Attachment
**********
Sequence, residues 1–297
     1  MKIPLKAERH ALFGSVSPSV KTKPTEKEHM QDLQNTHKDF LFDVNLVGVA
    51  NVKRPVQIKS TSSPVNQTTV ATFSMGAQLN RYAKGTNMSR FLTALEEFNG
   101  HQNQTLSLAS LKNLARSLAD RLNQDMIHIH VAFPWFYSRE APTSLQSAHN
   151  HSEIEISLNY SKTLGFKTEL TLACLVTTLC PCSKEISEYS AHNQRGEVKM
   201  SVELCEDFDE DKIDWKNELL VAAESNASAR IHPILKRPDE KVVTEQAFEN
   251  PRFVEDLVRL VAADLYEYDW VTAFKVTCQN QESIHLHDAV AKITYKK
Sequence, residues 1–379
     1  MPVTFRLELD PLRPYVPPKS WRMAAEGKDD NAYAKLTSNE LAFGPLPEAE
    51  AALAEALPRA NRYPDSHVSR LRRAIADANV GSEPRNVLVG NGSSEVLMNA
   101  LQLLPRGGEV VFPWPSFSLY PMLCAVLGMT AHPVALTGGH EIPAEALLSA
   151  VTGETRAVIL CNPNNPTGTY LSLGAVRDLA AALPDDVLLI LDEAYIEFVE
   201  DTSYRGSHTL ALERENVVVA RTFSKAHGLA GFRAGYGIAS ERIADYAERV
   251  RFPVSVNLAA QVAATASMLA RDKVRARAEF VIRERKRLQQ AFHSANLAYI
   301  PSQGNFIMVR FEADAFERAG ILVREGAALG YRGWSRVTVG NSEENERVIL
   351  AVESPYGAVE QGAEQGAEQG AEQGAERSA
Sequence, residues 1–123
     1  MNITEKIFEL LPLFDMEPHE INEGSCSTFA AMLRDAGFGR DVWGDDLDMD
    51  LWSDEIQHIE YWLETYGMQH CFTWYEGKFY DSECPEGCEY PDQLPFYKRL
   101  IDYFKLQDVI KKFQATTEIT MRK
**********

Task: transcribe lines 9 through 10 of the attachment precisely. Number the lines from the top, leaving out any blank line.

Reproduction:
     1  MPVTFRLELD PLRPYVPPKS WRMAAEGKDD NAYAKLTSNE LAFGPLPEAE
    51  AALAEALPRA NRYPDSHVSR LRRAIADANV GSEPRNVLVG NGSSEVLMNA